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Tenant Not Paying

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Hi all,


Hoping for some landlord advice as my parents are in a bit of a tricky situation.


They’ve been renting out a 3-bed house (30mins from York, 50mins from Leeds) for £1,200 PCM to a family for just over 2 years. To date, they’ve been perfect tenants and we have a good relationship with them. However, they’ve not been able to pay rent this month because of the self-employed father losing a contract. He’s looking for other jobs at the moment but no guarantee he’ll have a reliable income in the near future.


My parents have a couple of ideas for what to do including reducing rent until they’ve found new tenants to reduce impact of a void period but I’d like some suggestions from you guys as to what you’d do in this scenario? Parents are going to be very busy over next 3 months so would like to do whatever is simplest without of course losing too much rental income.


Thanks very much,


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Jack hi,

I'm sorry to hear your story and it must also be challenging for both your parents and their tenants as I'm sure they too do not want to be in the situation that they are in.  The rent amount is a lot of money but it would be worth your parents conversing with their tenants to see if there is a way out for them to recover the situation.  It is not legally permissible for your parents to demand their immediate departure and the minimum process is likely to be 3+ months if the tenants do not move on of their own volition.


If they are on a statutory periodic tenancy agreement (a rolling contract) they could give your tenants a Section 21 notice 




which formally notifies your tenants that your parents want to bring the tenancy to a conclusion and that if they do not depart by the time the notice expires (2 months from the day before their next rent due day as the agreement sounds like it precedes 1 Oct 2015 when the rules changed) that they will look to seek accelerated possession which can an extra 6-8 weeks to get before a judge and only then if the paperwork has all been correctly done.  If your parents took a deposit and did not protect it properly and issue the correct Prescribed Information for the deposit scheme then the the section 21 will not be actionable at all. 

It the tenants are on a fixed term notice your parents will not be able to serve notice until 2 months before the end of the agreement and indicating that they want it back on expiry (technically called efflux I believe!) however, if the tenants fall more than 2 months behind in rent payments your parents could serve whats called a Section 8 notice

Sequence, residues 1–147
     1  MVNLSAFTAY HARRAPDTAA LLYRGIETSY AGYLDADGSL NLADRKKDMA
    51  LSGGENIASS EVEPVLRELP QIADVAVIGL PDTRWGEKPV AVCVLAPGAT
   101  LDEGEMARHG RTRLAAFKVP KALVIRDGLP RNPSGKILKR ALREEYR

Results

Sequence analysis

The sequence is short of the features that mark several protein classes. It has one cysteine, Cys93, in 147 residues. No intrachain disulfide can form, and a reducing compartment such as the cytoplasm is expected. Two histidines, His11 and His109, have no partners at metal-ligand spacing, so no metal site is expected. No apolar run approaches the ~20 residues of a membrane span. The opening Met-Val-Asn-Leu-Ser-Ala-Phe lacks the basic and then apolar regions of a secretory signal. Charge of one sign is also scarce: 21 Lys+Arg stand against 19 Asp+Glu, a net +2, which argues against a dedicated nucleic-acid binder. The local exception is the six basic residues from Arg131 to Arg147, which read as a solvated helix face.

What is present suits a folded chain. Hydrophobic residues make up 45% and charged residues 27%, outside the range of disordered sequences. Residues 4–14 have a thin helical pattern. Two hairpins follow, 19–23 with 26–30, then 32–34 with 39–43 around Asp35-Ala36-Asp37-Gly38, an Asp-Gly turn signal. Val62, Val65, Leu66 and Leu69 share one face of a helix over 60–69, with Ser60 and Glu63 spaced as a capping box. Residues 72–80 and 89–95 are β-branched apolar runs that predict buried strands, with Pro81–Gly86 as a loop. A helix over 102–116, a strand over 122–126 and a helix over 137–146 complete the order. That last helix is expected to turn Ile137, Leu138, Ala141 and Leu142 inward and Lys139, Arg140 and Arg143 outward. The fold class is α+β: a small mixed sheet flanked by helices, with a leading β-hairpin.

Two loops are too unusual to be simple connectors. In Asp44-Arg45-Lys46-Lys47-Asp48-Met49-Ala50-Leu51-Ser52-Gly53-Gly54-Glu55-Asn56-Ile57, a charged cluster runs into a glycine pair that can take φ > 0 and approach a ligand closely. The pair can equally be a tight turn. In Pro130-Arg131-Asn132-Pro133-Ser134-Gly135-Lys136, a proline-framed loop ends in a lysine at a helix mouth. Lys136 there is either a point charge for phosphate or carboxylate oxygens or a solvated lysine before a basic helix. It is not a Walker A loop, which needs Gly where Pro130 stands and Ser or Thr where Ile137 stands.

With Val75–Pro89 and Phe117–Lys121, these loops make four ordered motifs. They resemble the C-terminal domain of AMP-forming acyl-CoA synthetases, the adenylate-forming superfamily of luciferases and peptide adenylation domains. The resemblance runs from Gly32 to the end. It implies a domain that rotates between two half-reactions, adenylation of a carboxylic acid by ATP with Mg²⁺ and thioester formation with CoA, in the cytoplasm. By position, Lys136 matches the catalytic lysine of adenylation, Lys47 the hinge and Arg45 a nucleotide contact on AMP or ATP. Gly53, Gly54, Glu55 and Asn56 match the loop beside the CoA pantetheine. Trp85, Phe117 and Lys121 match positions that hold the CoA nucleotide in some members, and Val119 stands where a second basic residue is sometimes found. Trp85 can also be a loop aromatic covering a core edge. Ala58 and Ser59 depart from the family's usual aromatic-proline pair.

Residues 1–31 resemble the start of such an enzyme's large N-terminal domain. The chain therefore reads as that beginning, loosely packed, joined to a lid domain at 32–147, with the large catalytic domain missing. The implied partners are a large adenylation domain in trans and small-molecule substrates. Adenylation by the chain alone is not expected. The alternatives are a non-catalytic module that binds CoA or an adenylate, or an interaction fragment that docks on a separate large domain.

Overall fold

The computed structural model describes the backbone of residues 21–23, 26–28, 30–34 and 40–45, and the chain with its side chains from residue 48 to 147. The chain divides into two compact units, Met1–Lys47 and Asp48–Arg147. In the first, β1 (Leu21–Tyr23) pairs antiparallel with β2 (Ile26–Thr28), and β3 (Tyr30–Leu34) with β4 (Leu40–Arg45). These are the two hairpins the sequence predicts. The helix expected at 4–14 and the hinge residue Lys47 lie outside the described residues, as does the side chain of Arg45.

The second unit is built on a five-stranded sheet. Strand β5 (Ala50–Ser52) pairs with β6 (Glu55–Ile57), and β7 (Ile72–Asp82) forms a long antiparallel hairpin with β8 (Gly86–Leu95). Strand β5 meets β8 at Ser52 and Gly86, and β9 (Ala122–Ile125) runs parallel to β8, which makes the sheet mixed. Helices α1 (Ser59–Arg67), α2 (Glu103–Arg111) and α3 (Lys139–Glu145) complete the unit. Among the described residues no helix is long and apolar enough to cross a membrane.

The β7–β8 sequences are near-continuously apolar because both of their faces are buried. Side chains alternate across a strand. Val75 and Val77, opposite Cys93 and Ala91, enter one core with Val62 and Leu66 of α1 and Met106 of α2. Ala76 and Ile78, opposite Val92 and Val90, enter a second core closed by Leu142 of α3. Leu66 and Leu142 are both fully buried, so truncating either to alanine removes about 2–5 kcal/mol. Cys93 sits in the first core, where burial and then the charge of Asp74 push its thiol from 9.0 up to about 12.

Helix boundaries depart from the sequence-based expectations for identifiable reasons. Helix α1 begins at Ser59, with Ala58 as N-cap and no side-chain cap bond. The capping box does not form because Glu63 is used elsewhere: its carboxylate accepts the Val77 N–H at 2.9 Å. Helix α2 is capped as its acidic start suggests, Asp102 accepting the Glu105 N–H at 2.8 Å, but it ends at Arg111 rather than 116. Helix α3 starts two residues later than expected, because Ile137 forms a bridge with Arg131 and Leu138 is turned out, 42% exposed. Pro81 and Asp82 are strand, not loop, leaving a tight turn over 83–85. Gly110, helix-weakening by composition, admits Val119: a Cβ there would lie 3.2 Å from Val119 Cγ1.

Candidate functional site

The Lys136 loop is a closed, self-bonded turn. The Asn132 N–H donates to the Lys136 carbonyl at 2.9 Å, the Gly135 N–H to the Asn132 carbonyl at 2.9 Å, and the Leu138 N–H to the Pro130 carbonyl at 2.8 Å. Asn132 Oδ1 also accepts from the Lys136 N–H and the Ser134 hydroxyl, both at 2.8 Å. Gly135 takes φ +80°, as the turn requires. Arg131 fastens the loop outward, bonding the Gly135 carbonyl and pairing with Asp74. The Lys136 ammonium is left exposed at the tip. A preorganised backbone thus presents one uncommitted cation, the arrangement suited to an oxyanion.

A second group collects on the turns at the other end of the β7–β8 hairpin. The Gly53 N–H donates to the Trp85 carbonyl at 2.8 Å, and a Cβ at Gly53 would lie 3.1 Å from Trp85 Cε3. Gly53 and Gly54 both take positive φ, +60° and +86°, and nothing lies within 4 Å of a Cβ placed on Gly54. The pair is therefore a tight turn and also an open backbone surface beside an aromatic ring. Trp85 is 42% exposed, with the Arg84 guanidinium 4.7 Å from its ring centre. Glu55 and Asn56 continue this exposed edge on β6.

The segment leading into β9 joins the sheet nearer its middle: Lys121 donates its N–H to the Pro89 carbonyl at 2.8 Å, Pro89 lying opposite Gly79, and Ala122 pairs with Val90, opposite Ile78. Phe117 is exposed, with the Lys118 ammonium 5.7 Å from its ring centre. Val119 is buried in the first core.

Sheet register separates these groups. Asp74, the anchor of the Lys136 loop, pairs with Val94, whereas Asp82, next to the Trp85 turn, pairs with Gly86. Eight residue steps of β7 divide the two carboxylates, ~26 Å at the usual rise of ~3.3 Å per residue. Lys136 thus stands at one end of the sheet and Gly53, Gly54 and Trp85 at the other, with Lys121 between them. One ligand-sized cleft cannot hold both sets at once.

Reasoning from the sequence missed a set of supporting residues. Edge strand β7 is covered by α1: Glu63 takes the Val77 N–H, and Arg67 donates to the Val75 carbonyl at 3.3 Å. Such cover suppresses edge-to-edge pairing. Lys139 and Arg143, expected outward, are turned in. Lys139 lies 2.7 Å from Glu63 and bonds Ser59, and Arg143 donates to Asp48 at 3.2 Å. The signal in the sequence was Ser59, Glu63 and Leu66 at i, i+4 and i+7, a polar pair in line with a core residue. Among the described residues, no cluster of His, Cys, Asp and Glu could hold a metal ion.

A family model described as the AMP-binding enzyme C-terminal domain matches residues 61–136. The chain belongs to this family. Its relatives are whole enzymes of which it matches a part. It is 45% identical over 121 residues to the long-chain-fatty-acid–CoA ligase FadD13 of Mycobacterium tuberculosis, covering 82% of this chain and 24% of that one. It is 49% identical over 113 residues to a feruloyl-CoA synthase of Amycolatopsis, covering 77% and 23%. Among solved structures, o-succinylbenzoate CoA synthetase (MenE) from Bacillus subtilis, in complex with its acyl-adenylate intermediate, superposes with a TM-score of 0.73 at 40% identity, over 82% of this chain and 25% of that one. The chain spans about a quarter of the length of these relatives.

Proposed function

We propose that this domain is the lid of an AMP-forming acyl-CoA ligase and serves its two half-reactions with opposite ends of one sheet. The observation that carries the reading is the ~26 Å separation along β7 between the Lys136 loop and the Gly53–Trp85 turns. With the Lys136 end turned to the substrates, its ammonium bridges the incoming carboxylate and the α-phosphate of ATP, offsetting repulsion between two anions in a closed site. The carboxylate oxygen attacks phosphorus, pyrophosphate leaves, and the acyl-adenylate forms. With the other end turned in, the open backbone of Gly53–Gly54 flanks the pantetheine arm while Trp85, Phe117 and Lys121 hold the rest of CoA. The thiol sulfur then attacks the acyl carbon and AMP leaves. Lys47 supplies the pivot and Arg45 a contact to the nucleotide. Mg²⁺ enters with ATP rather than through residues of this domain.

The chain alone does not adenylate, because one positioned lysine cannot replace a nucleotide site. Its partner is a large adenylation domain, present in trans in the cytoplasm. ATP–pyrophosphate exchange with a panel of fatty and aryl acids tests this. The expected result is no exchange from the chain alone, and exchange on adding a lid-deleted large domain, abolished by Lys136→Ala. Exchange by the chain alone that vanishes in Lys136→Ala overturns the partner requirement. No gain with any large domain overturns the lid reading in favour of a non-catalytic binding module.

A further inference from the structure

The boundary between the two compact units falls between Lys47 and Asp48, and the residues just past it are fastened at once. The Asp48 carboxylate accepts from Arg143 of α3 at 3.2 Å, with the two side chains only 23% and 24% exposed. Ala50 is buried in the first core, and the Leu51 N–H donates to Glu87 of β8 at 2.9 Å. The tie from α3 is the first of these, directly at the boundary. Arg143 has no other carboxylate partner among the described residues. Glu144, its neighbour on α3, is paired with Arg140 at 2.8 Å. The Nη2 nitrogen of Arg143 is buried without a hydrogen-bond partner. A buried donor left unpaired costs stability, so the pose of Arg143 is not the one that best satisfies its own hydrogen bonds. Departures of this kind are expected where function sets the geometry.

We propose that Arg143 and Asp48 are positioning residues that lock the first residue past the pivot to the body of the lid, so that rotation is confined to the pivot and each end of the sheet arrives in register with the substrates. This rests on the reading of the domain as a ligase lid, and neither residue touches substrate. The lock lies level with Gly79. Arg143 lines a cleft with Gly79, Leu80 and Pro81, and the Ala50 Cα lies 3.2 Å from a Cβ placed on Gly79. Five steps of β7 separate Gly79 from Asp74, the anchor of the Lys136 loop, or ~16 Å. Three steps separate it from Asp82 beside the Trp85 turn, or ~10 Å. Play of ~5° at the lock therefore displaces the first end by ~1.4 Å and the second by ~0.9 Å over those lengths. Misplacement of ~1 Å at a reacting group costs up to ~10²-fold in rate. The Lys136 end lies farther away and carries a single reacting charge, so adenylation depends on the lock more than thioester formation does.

and after 14 days from serving the notice could go to court and the judge would be mandated to give possession of the property however, the sting in this tale is they would not be able to pursue for unpaid rent which makes this route doubly expensive as there are court costs involved too and also bailiff's fees to get the property.


The above all sounds very gloomy and it could be that the tenants. who have been good to date, will want to do the honourable thing and move out to prevent the escalation of further bills and hopefully look to pay your parents off as soon as they are able to.  The one thing I would not recommend is for your parents to sign a new contract at a reduced rent "until new tenants can be found" as technically the new tenancy agreement will protect them automatically from any eviction  for 6 months whatever notice is served on them. (there are also a lot more regulations that they would have to comply with as the laws have changed significantly since the last tenants moved in)


So really your parents have two options - either hope that the tenants get back to being solvent again and start paying current rent and catching up the arrears or your parents serve notice, hope the tenants leave the house in good order and in good time so that the void period is minimal.  I would advise them trying to keep in as good a relationship as possible as they may be able to persuade the tenants to have viewings at the property while still there and trying to move somewhere cheaper so that the void is as short as possible.  Also, the tenants will be under a lot of stress and your parents want the property to be returned is as good a condition as possible and souring of the relationship could lead to at best neglect or at worst wanton damage.


It's not an unusual occurrence for life to happen to people and this is unfortunately a downside to some tenancies.  As and when your parents get new tenants it may be worth looking to use an accredited agent who use good quality tenancy referencing companies and accompany this with a landlords' tenancy insurance policy to protect against such non-payment.  The policy my office uses would cost about 1 week or less rent for annual cover.  They may be able to use a recognised referencing company if they are self finding tenants and installing them but I would imagine the referencing fees and insurance policy would be more expensive as we would get cover at these prices because of the bulk numbers we process through them,


I hope this helps a bit and good luck

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